Teens and ADHD



Push Pop It toy, Foam toy, and Sensory Magnet Board are all used to fidget helping teens with ADHD

PRAGYA BHATIA '26, Staff Writer

Remember the colorful fidget spinners fad that went around back in 2017? The toys were marketed to a specific group, claiming that they helped students with attention deficit hyperactivity disorder ADHD. Problem was, the widespread toys had even non-ADHD students addicted at school as well; the overpowering use of the toy led to its banishment in several schools, along with the spread of “relatable” videos and posts about the symptoms of ADHD. This was the start of mass self-diagnosing, which amplifies the jokes about ADHD; through casual prognosis of this mental issue, people unknowingly belittle others with ADHD, implying the mildness of the condition. 

ADHD is defined as an ongoing pattern of inattention and/or hyperactivity-impulsivity that interferes with functioning or development. Among adolescents and children, ADHD is one of the most prominent mental disorders; symptoms include being easily sidetracked, squirming or fidgeting, making careless mistakes, avoiding long mental tasks, or disorganization.

ADHD has since become a common excuse for procrastination, restlessness, or an inability to focus. However, ADHD is a disorder, which is usually professionally diagnosed. Just because some symptoms are applicable at times does not mean that this term can be used freely to explain these symptoms. 

According to the Center for Disease Control and Prevention (CDC), only about 13% of US’s children are diagnosed, and the majority of children with ADHD remain undiagnosed. With high numbers of diagnosed patients—about 3.3 million adolescents—still in school, ADHD can highly affect a child’s educational life. 

Ms. Melissa Wertz, part of the EHS Child Study Team (CST) and a school social worker, reviews the schedules for students with disabilities, including mental disorders like ADHD. Wertz explained how she helps individuals settle down in school comfortably and confidently, with individualized education plans (IEP): “[IEPs] are put into place in order to support that student in the classroom,” Wertz elaborates. Schedule modifications include additional testing time, the option for a read-aloud, two teachers to keep the learners focused, and content classes in the morning—when students are more likely to be able to focus for longer—to ensure the students’ success. 

ADHD is just one little part of who you are—it’s not your whole picture.

— Ms. Melissa Wertz

Stigma also plays a role in the ADHD-affected child’s life, leading to self-depreciation and belittlement that may last the entirety of their lives. The term itself points out “disorder,” implying impairment and abnormality. Special education English teacher Ms. Jennifer Wallace ‘87 was asked for her advice for people struggling to cope, and she offered a swift answer: “Find a strategy. And don’t be ashamed,” she advised.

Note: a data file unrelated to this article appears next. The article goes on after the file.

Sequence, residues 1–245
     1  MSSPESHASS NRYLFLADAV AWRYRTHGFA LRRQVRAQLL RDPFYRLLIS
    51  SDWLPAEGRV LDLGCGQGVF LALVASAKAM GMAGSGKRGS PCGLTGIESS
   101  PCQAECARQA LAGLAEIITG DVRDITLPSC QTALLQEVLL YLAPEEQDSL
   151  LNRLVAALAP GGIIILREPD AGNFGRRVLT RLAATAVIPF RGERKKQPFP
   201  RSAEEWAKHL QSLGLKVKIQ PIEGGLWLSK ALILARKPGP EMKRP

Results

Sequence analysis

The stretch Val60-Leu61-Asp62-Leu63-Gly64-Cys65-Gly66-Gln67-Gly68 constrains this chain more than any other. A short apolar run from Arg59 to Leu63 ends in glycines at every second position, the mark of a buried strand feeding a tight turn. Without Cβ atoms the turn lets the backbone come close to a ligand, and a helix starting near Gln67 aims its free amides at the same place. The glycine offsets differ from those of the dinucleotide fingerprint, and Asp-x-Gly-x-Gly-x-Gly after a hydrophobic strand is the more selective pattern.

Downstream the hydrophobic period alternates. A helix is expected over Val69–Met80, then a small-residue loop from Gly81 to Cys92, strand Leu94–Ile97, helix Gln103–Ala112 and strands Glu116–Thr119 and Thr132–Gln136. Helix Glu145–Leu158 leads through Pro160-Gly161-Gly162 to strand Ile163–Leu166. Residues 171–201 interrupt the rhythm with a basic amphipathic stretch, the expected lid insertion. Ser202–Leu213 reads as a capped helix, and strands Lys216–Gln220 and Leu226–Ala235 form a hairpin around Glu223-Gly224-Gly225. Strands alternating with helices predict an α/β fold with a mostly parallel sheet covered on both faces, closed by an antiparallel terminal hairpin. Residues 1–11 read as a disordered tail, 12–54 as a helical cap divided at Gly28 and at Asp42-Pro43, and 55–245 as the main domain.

Strategies suggested by Wertz and Wallace included color-coding items (Wallace finds them helpful to keep her students organized and on task), frequent but short breaks, creating to-do lists, or using apps to help better catalog their lives (Wertz recommends RescueTime, OFFTIME, and todoist). Some students with a more severe form of ADHD might take medications or change their diet to better suit their needs upon discussing with the appropriate consultants.

Furthermore, Wertz and Wallace acknowledge the fact that “ADHD is their superpower.” Wallace goes on to add that many famous and successful persons had ADHD, including but not limited to Micheal Phelps, Bill Gates, and Micheal Jordan. 

“[ADHD] doesn’t mean that you can’t succeed,” Wertz stated.

EHS strives to create ADHD-friendly additions regarding the academic environment. Flexible seating has been storming around social media in the past few years, and it has been implemented in our high school as well. Wertz’s classroom includes desks with adjustable heights that can easily go from a sitting to standing position, helping students relieve restlessness as well as construct a welcome change that helps them focus. EHS also has zen rooms, guidance groups that help with time management, and other groups that focus on social skills. Teachers, aware of their students’ learning styles, should keep lessons active and engaging. 

As weather does not define our mood for the day, ADHD does not define a person.  

“We all have beautiful things about us,” says Wertz. “ADHD is just one little part of who you are—it’s not your whole picture.”